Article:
Allpetnews.com reports that from approximately 650 military dogs deployed with American combat forces, nearly five percent have come down with symptoms of PTSD. These dogs have been subjected to gunfire, explosions, and other combat scenarios.
Military veterinarians say some dogs become clingy or aggressive, they might refuse to enter areas where they used to be comfortable, or become hyper-vigilent and set off alarms whether there's something to worry about or not.
Dogs affected should be taken off their patrol duty, given lots of exercise, play time, and gentle obedience training.
Just as people, dogs don't have to go to war to enter a state of extreme stress. Causes can include natural disasters, car accidents, and physical or emotional trauma.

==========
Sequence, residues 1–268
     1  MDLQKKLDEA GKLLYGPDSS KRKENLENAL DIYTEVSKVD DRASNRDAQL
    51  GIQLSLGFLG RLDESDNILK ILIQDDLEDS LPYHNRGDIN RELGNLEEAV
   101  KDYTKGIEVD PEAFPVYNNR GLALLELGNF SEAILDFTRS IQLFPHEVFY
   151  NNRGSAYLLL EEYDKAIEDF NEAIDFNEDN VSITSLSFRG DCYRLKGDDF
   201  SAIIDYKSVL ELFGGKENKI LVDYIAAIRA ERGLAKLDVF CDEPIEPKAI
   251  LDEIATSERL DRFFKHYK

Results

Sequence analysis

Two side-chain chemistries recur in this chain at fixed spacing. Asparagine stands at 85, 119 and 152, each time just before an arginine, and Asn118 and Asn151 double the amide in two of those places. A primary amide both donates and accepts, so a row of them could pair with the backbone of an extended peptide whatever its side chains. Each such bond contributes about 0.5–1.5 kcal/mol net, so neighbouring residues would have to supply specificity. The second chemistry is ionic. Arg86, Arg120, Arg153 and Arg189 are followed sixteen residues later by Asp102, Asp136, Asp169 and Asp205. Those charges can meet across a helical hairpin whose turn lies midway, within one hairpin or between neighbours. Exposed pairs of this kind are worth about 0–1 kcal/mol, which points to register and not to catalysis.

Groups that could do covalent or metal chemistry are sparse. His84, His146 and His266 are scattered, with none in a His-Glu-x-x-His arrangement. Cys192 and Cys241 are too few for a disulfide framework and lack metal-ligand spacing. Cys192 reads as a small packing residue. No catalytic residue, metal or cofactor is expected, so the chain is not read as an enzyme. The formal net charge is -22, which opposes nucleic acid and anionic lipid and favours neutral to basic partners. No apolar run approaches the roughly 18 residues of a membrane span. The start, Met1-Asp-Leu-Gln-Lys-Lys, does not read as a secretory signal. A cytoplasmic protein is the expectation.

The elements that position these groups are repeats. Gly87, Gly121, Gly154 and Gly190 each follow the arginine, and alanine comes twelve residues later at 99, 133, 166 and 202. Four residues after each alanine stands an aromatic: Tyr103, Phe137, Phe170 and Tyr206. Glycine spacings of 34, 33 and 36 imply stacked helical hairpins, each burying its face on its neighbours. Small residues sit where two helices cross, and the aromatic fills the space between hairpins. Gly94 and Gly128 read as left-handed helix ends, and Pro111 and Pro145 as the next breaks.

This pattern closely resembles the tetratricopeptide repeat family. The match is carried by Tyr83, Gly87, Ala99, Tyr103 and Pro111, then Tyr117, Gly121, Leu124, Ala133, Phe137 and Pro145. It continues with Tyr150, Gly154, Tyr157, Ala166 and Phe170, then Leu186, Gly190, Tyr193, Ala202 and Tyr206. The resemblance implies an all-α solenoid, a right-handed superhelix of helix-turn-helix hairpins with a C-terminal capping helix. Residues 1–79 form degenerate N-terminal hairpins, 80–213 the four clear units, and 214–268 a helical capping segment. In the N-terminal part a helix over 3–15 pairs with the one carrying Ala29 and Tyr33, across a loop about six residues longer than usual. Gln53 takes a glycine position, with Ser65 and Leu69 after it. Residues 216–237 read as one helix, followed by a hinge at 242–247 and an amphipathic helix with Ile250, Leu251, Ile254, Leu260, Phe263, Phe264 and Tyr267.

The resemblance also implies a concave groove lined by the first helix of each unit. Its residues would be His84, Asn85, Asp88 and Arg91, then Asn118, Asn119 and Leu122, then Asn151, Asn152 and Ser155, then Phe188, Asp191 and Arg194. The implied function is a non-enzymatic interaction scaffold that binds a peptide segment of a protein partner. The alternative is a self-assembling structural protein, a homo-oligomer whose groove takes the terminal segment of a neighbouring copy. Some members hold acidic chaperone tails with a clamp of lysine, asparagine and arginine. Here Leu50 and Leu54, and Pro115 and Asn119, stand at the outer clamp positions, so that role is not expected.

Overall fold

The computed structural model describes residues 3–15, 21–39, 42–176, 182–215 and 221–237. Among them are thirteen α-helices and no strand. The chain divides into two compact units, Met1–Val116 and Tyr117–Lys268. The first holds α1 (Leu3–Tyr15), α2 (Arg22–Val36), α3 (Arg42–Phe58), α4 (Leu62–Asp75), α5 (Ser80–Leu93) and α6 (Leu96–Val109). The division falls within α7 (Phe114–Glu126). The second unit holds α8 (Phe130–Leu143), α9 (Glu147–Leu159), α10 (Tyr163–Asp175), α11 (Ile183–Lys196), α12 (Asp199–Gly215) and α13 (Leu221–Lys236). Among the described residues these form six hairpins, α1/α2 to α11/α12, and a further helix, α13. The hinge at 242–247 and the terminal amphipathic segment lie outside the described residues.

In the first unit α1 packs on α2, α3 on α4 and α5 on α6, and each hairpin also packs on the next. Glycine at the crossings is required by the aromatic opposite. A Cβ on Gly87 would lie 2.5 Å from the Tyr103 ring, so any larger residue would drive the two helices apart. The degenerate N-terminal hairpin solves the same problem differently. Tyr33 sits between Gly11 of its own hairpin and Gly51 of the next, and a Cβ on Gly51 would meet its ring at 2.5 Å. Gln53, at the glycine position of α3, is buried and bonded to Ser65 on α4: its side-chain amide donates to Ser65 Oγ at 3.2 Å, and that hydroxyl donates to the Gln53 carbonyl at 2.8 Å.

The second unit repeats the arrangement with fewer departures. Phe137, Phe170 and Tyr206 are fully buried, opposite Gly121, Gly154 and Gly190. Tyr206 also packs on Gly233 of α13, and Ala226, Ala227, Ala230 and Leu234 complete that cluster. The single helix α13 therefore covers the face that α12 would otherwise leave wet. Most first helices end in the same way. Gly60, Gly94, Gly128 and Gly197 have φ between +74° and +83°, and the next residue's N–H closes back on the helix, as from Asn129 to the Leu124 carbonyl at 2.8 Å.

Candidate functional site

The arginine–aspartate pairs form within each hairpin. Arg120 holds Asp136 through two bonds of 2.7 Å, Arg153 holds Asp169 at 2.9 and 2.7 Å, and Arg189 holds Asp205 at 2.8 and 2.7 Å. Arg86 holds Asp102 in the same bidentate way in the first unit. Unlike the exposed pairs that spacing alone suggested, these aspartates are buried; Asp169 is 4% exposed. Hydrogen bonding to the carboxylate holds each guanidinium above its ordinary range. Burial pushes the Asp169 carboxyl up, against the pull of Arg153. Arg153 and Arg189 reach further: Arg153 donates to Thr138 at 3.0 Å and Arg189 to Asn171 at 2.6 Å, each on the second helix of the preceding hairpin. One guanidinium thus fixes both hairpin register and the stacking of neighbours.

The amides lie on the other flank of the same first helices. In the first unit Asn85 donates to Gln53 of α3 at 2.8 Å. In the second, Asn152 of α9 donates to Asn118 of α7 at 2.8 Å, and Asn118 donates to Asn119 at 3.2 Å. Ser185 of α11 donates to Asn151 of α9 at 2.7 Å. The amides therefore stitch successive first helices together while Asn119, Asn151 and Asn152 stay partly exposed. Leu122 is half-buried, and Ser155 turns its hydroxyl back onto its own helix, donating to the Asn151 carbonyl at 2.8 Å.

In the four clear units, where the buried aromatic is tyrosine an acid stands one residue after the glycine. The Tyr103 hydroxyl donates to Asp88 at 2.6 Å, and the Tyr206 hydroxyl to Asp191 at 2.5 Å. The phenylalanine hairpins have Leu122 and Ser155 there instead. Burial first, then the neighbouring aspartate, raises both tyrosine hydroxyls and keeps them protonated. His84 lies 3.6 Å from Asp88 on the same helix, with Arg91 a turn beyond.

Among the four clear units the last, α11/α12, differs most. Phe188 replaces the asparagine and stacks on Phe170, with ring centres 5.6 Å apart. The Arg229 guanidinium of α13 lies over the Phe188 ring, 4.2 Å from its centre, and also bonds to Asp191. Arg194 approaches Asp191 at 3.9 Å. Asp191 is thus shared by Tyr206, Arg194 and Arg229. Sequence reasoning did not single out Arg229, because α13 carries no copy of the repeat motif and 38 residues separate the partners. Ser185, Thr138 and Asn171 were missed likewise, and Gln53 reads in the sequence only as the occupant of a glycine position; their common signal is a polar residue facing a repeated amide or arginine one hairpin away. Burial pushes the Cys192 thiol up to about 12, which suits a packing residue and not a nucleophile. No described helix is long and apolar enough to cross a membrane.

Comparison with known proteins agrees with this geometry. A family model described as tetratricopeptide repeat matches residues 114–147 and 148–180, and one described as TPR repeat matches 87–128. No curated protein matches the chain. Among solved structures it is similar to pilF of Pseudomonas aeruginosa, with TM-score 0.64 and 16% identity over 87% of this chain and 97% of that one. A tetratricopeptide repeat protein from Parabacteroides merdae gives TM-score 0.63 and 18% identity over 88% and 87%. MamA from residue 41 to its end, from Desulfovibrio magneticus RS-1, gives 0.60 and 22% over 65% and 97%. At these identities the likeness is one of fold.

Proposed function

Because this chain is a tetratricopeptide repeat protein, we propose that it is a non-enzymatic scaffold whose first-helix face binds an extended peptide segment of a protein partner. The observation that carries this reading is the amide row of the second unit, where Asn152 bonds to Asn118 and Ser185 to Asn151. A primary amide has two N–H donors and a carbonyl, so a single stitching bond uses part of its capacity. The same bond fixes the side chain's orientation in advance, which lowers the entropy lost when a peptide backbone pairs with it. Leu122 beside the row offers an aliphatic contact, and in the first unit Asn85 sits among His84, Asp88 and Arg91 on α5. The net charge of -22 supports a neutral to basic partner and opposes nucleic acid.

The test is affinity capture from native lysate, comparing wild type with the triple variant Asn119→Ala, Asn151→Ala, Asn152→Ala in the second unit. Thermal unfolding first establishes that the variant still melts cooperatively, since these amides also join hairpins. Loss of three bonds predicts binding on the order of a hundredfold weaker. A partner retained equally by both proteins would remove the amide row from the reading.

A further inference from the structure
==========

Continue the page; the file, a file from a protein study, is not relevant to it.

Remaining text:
If you want to read more about dogs with PTSD, treatment, and management, these websites might provide a good starting point:
- Post Traumatic Stress Disorder in Dogs - IVC Journal
- Canine PTSD, its causes, symptoms and treatment
- More military dogs who signs of combat stress - NY Times
- Post Traumatic Stress Disorder - can it affect your dog? - Cesar's Way
~ Maria Sadowski ~